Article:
One of the flagships of government’s efforts to centralise procurement and to use its buying power to spur network investment, the Government Shared Network (GSN), is under review.
And, in the face of mounting evidence that the GSN is not being adopted by agencies quickly enough to pay its way, canning the network is one option being considered.
According to State Service Commission spokespeople, no final decision has been made on the future of the GSN. It may be discontinued, but options for continuing it in a different form or with a different business model are still in play, she said last Monday.
One possibility is to remove its dedicated wide-area-network function and reduce it to a Government Shared Intranet (GSI).
The SSC says the review is a complex exercise, made more difficult by the need to acquaint a new government with at least the “big picture” aspects guiding the decision. It is also prudent to review prgrammes in light of the changed economic conditions, the SSC says.Computerworld understands vendors involved in the GSN were advised of the review and that agencies that have signed contracts to use the network will have to run them out.
IBM won the tender to lead a consortia to build the network. GSN programme manager Michael Foley, from consultancy Voco, told an audience at last year’s IBM Forum the network should be considered a successful case study in multi-sourcing. Foley said the business case for the network developed very easily and was put before Cabinet in mid-2005.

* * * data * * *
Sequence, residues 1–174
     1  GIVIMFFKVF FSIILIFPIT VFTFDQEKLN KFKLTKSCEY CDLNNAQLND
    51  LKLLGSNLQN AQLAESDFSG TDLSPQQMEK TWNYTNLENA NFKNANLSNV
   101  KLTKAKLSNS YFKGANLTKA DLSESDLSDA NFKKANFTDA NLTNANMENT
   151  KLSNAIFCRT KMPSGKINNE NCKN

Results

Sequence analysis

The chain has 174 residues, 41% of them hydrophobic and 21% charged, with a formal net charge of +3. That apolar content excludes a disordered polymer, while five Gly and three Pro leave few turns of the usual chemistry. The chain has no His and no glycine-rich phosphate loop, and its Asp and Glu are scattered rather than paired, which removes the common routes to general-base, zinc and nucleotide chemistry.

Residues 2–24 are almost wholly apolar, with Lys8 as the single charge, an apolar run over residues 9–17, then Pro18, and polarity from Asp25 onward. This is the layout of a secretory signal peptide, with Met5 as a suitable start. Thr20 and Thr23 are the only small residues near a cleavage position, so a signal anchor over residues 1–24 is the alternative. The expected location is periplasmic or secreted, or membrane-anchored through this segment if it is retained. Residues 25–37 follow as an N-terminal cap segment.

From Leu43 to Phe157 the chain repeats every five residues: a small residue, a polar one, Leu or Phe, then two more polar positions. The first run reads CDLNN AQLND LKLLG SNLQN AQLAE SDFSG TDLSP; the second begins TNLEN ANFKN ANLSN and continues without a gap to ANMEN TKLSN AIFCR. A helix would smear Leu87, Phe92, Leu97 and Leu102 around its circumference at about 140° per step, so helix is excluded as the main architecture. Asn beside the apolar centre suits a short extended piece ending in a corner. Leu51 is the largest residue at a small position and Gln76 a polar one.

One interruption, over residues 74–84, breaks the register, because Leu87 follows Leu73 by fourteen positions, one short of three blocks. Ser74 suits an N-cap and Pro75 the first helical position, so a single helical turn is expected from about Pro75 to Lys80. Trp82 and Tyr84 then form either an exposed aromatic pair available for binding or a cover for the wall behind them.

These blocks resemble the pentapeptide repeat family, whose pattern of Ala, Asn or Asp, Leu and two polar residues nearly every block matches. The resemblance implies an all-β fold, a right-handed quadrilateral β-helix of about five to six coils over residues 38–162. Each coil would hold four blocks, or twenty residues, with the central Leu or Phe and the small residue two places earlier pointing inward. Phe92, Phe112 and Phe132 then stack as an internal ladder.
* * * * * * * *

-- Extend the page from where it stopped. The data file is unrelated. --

“Ministers across the board got this,” he said. “They said ‘this is a ‘no brainer’.”
Last week, Foley said he had been briefed on the SSC’s plans and they are not to scrap the network, though it is changing shape, he said, referring Computerworld back to the SSC.
Meanwhile, a well-informed government source suggests the new minister of ICT and communications, Steven Joyce, might consider centralised and automated public-sector procurement as a “quick win”, establishing his credentials early with a measure exploiting ICT to increase efficiency and effectiveness.
For those with any memory, the idea carries a powerful dose of déjà vu. Just such a quick win was promised from the GoProcure scheme of the early 2000s under the Labour-led government.
The project never officially progressed beyond the “trial” phase, but Cabinet, fronted by then State Services Minister Trevor Mallard, attempted to make adoption of the system compulsory, despite many agencies protesting they were already well equipped in computer-aided procurement.
GoProcure was finally canned in late 2003, in favour of a less rigid and centralised “syndicated procurement” scheme.
The technology has moved on immeasurably since those days, says the source; such a centralised system could be much more easily and much less expensively set up today, probably using the existing Government Electronic Tendering System (www.gets.govt.nz) website as a front end, he says.
The hard edge has, moreover, gone off government agencies’ attitude of independence, the source suggests, with the assiduous promotion of centralised initiatives such as the igovt identity verification service, which Datacom recently won a tender to build.